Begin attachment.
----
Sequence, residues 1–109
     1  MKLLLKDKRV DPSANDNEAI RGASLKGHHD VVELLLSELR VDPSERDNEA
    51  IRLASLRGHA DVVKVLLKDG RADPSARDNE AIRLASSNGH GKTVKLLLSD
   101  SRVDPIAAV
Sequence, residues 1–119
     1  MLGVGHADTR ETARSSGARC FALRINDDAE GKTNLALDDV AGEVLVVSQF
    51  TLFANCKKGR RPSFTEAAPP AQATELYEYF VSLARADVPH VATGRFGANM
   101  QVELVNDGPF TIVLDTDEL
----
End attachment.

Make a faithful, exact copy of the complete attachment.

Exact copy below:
Sequence, residues 1–109
     1  MKLLLKDKRV DPSANDNEAI RGASLKGHHD VVELLLSELR VDPSERDNEA
    51  IRLASLRGHA DVVKVLLKDG RADPSARDNE AIRLASSNGH GKTVKLLLSD
   101  SRVDPIAAV
Sequence, residues 1–119
     1  MLGVGHADTR ETARSSGARC FALRINDDAE GKTNLALDDV AGEVLVVSQF
    51  TLFANCKKGR RPSFTEAAPP AQATELYEYF VSLARADVPH VATGRFGANM
   101  QVELVNDGPF TIVLDTDEL